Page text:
Cumulative effects of
bio-economic strategies for a more sustainable agriculture
The BMBF junior research group “BioKum – Cumulative effects of bio-economic strategies for a more sustainable agriculture” uses the example of high nutrient surpluses in agricultural landscapes to investigate the complex interactions, opportunities and risks as well as the resulting conflicts in bio-economic transformation processes.
Despite the fertilizer regulation, agriculture in Germany is characterized by high nutrient surpluses and a lack of resource efficiency which is combined with diverse negative effects on terrestrial and aquatic ecosystems, especially in regions with high livestock numbers. There are various bio-economic solutions in the context of the circular economy which are potentially suitable for contributing to a more sustainable agriculture in regions with high nutrient surpluses and at least partially closing open nutrient cycles.
- What do working conditions in the meat industry have to do with a sustainability transformation?For us, too, it’s not always just about manure. Taking into account complex interrelationships in the agri-food system, we also… Read More »What do working conditions in the meat industry have to do with a sustainability transformation?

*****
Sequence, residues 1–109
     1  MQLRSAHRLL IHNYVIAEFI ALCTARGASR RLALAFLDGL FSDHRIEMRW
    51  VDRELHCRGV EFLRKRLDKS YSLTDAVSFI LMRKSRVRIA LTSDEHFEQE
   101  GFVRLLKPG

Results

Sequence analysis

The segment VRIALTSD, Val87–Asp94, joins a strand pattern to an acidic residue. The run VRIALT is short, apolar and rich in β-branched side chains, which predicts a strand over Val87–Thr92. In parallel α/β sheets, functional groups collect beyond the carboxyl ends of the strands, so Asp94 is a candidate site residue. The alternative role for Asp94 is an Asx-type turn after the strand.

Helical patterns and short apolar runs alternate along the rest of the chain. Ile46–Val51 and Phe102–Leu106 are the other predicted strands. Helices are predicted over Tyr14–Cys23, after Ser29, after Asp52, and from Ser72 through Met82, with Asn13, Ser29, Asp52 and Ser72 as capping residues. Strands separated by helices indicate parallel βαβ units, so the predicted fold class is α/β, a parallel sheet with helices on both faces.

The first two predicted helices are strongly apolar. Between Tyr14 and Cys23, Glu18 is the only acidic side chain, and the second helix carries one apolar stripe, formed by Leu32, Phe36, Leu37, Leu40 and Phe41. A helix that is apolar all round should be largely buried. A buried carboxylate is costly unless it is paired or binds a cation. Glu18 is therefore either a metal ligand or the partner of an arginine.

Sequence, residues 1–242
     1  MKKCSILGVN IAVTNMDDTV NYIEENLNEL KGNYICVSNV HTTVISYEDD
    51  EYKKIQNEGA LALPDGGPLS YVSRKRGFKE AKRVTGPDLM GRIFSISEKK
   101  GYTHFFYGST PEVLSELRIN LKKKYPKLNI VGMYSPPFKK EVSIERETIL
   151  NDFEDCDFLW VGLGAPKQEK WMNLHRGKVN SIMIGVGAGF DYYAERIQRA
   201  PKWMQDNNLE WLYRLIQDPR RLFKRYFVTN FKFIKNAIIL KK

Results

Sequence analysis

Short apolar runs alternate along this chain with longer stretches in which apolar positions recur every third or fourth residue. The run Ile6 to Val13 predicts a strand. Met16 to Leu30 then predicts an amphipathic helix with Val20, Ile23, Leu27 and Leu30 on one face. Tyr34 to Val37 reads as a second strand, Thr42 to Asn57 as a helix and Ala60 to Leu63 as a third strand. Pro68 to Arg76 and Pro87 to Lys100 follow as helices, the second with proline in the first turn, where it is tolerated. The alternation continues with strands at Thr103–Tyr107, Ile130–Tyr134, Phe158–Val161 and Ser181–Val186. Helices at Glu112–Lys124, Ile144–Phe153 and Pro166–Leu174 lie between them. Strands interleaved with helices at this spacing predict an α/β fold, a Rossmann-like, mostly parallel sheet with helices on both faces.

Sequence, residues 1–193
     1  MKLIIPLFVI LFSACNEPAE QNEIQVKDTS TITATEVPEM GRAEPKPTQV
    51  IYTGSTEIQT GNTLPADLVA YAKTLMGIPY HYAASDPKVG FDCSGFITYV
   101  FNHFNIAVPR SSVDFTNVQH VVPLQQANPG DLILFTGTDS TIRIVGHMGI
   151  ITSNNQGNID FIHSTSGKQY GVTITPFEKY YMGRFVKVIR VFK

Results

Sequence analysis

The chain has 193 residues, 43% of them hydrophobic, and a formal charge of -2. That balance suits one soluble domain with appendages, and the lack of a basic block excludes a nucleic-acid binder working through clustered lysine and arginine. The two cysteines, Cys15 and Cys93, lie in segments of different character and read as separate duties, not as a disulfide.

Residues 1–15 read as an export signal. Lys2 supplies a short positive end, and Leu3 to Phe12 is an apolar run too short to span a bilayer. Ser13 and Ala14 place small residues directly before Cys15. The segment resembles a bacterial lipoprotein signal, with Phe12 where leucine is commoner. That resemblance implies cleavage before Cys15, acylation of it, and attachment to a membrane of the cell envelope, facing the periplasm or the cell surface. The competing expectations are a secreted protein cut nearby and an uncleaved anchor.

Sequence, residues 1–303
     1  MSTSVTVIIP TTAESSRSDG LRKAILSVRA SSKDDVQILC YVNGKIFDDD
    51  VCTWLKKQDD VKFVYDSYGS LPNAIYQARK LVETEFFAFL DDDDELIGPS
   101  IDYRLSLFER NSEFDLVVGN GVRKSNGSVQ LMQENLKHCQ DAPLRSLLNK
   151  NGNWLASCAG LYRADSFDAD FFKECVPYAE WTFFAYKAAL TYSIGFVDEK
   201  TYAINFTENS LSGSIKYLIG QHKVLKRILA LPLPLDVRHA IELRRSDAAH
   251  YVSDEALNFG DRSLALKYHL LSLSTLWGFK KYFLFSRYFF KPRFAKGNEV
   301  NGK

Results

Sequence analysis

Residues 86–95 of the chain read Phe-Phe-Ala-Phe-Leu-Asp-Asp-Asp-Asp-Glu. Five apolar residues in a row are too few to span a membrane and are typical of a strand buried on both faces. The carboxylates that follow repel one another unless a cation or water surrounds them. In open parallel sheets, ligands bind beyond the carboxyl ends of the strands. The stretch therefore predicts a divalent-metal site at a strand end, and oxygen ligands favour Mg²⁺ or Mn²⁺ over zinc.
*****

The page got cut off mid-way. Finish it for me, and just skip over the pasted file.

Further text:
- Interviews underway for the sub-project “Insects in the bioeconomy”In the scope of the BioKum sub-project „Insects in the Bioeconomy“, Ingrid Bunker has started carrying out interviews. The aim… Read More »Interviews underway for the sub-project “Insects in the bioeconomy”
- Presentation at Workshop: “It‘s the (bio)economy, stupid!” in JenaFrom 07.10.2020 to 08.10.2020, Jonathan Friedrich and Jana Zscheischler participated in the workshop “It’s the (bio)economy, stupid!” organized by the… Read More »Presentation at Workshop: “It‘s the (bio)economy, stupid!” in Jena
The aim of the junior research group is to understand to what extent these and other potential approaches can make a sustainable contribution to the reduction of nutrient surpluses in agricultural landscapes and to estimate their cumulative effects. In addition, it is important to develop socially robust orientations for further solutions and innovations while taking into account the complex interactions, opportunities and conflicts of bio-economic transformation processes on the way to an increasingly sustainable agriculture.
BioKum pursues an integrated interdisciplinary and transdisciplinary approach. The junior research group combines the approach of bio-economic modeling at farm level (agricultural economics) with methods of transformative sustainability research (environmental sociology) as well as regional economic, innovation and political science approaches.